Recommendations for leading tailors including the Armoury, WW Chan and Tai Pan Row.

18 Oct 2012 — / Shopping

Made to Measure

Like most of you, I have to wear a suit to the office. Not every day, but it would no doubt be seen as some sort of faux pas if I were to rock up to client meetings in a pair of boardies.  I took the view some time ago that if you had to wear a suit, then you may as well make sure you look the part and that you are supposed to be telling Mr CEO or Mr Chairman what to do with themselves, rather than resemble a trainee without a clue.

The choices are simple in most parts of the world, pick a shop in your price point and try to select something that has you nearer to James Bond than a second rate premier league footballer on a night out in the suburbs. That is however outside of Hong Kong.  Often touted as the last word in sartorial execution this side of Saville Row, especially in under 48 hours, Hong Kong is home to a plethora of tailors.

I should stop at this point to provide a caveat to those who have not started to venture down the bespoke route; beware the cost of starting to focus on the details…. Like all good things that modern man has been allowed to start to enjoy with what disposable cash is left after the tax man, rent and potentially family, when you start to look, touch, feel and appreciate, you only want better next time. (As applies to watches, wine and a whole lot more….)

My experience in this arena is relatively limited, and no doubt you will have each have found your preferred establishment. When looking for the first lucky recipient of my bespoke order I did a little perusing of the interweb, and as you probably will have done too, it’s all pretty limited and the concept of a website appears to have passed them all by.

Top of my mind was the simple topic of cost. My take on this now is that each house has their own cost-per-suit on to which they add the cost of fabric. So if you are it have the greatest cloth, it would seem a bit pointless having it butchered by a tailor that charges least for production to save the total bill. I’m quite sure that as you pay more, you do get a better finish, but you do have to remember that the overheads of rent in the Mandarin Oriental mall are likely to be higher than a basement room just off Queens Road. My advice here is pay what you would normally on a suit off the peg and add 25-50% for the first time to see if you like the results. If you try and get a suit for less than you can buy for something mass produced, don’t be surprised if you don’t like the results.

For me, I opted to spend around HK$8,000 on my suit and it was from Tai Pan Row in the IFC. Part of my choice was that I wanted something that was made of good cloth, but also from a reasonably respectable firm. I no doubt overpaid for the address, but being able to nip out to a fitting during the work day was a big bonus.

After the dirty dealings around cost were out of the way, it was quickly on to the flexibility over the design that I could enjoy. Initially there seems to be a multitude of choices from buttons, stitching, lining and drop that would start to take over. However, I did start to feel that this was all a bit identikit to help the tailor chose which print to use rather than actually help me get the result I wanted, not to mention that a distinct lack of Cantonese doesn’t help get the finer points of style across. That said, I was very happy with the results and service so would recommend them, though I will probably replace some suits with off the peg and have a couple of bespoke that cost a little more, but I am lucky that 42R from the high street tends to fit well.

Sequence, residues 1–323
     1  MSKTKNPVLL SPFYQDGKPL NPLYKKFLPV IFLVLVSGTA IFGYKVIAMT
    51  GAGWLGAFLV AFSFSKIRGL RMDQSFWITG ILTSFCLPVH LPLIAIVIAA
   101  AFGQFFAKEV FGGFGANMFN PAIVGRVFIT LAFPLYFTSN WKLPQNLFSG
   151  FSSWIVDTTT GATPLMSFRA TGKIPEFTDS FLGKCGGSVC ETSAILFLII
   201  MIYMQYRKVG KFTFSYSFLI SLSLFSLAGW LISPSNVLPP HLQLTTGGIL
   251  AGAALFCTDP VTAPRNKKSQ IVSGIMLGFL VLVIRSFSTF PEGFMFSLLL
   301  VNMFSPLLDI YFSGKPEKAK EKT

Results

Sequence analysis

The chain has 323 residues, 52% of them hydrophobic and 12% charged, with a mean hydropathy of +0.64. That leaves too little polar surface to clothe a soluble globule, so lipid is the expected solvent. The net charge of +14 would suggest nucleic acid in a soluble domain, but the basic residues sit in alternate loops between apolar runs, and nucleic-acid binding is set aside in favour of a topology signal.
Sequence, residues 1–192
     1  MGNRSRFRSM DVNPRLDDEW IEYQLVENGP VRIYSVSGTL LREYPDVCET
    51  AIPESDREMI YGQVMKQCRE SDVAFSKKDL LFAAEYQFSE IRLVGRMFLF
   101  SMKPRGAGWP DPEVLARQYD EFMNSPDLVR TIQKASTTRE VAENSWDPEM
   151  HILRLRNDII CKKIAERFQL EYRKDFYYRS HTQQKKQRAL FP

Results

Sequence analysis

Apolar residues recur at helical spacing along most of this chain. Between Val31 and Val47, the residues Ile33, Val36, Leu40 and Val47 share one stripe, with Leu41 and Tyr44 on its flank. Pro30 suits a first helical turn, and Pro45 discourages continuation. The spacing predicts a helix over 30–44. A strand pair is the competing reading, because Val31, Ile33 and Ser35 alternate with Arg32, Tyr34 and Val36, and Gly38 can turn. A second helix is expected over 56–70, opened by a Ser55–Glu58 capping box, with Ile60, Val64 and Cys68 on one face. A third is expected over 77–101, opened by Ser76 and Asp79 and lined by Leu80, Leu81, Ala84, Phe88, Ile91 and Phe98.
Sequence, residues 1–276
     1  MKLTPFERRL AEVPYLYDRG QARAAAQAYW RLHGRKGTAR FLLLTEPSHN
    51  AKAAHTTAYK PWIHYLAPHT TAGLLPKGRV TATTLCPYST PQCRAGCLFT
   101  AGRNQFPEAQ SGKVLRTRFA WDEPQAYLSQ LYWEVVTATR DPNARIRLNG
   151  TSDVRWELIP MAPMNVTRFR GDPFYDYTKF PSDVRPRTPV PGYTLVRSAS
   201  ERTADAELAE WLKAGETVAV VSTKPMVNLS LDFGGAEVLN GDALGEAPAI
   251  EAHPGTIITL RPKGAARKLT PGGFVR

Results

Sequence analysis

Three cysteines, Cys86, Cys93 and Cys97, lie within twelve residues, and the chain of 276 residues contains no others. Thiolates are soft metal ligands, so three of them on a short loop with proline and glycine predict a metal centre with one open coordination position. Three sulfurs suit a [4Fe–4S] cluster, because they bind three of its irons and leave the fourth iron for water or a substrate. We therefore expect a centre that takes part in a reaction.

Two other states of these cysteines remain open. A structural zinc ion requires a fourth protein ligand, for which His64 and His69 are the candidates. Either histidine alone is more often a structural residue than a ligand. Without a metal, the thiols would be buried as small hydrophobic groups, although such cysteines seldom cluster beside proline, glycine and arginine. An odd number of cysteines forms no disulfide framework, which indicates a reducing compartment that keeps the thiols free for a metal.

In terms of communicating with the tailor, I have to speak up about The Armoury here. They do only use W.W. Chan in TST, who you can go to yourself; however the gents in the Pedder Building are excellent at getting those points on style into your suit and preventing some of that deflationary feeling. A mention of a shirt fitter here; Cuffs in Causeway Bay. I like their approach and the cost appears to be below the quality of the product by HK standards.

I could bleat on for literally hours about my preferences for suits, cloths and finishes, but this is a personal choice. If you have found a great tailor in HK, let us all know. I will leave you with my thoughts on the topic and some places that’s would recommend.

  1. Go to tailors that have been recommended, even if on the net
  2. Don’t go for any lucky dip/combo offers or to anywhere with a hawker on the street
  3. Look around the net for some pictures of gents in suits that you like (Anything Daniel Craig wears in the last 2 bond films by Tom Ford is a good starter)
  4. Balance the cost of the cloth with the cost of workmanship
  5. Be pushy on the customisation and fit even if not asked as an option
  6. Take a friend to a later fitting to let you know how it fits
  7. Check the finished product for quality
  8. Admit to yourself that you will not be going back to off the peg until you move out of HK

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